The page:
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Henry Percy, 4th Earl of Northumberland

Henry Percy, 4th Earl of Northumberland, (1449 - 1489) son of the 3rd earl, was the only one of the family to appear to take the Yorkist side. His father's earldom was forfeited at the Battle of Towton by the victorious Yorkists, and Percy was imprisoned. After swearing fealty to Edward IV he was released (1469). The earldom was restored in 1473, and Percy held many of the important government posts in the north of England which were traditional in his family. He commanded the Yorkist reserve at the Battle of Bosworth Field, but never committed his forces to the battle, which played an important part in Richard III's defeat.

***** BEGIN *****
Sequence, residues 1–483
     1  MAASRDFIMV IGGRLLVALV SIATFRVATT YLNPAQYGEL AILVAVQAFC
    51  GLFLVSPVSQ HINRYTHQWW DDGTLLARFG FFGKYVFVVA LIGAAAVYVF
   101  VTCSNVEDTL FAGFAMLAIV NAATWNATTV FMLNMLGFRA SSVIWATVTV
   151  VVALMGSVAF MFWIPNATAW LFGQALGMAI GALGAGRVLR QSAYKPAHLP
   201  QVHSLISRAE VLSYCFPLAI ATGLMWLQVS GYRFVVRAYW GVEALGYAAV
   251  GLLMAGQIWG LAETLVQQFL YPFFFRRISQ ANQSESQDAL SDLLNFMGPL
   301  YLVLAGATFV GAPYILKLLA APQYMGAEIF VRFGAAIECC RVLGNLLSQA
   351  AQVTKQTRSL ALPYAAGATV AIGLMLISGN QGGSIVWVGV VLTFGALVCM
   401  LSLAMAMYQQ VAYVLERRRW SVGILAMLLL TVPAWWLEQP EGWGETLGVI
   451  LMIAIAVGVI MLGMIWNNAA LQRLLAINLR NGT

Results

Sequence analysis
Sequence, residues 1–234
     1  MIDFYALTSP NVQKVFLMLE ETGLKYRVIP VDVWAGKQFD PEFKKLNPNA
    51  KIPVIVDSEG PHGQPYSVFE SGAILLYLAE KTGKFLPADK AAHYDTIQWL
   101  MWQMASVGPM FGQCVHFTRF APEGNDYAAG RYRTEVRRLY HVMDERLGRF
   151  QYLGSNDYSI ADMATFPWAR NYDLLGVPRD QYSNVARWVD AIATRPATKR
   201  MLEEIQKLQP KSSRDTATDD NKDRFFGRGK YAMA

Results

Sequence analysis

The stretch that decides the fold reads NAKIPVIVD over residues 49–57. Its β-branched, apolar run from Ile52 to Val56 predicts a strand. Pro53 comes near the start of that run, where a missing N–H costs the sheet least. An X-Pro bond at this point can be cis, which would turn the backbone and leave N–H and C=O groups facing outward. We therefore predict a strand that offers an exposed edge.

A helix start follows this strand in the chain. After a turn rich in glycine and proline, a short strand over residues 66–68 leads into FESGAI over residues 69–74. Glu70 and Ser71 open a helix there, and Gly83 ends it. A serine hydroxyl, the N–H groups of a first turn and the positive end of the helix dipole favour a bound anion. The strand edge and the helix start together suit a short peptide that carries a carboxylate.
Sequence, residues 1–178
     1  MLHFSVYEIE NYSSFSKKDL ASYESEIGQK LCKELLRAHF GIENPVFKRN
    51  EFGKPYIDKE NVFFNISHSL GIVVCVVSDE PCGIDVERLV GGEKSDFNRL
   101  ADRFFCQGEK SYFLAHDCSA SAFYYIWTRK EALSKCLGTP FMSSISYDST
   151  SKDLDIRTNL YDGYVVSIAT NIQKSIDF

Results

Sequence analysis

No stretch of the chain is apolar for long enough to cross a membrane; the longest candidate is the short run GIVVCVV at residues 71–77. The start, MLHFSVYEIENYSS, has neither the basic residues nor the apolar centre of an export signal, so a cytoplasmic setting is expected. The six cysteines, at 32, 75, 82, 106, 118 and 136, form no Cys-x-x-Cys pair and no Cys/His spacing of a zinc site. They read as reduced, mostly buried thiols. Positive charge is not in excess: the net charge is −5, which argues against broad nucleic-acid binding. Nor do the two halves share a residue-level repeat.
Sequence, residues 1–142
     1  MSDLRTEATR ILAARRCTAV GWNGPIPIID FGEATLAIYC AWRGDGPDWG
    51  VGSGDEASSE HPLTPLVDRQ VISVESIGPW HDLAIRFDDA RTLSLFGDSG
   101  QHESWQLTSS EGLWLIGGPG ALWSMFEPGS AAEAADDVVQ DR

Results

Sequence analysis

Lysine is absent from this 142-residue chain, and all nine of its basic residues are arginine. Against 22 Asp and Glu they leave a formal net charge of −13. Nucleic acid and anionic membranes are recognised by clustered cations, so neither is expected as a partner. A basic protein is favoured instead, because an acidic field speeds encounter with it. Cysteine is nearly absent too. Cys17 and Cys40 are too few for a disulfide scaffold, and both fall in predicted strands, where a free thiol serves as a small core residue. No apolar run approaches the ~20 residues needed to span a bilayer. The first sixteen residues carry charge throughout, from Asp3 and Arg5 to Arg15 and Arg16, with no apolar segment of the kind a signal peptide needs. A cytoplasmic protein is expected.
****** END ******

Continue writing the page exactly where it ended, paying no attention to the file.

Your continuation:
Percy was again imprisoned by the new king, Henry VII, but was soon released and returned to his old posts. He was killed 28 April 1489 by a mob enraged by his efforts to collect some new and higher taxes.

{| border="2" align="center" |- |width="30%" align="center"|Preceded by:
Henry Percy |width="40%" align="center"|Earl of Northumberland |width="30%" align="center"|Followed by:
Henry Algernon Percy |}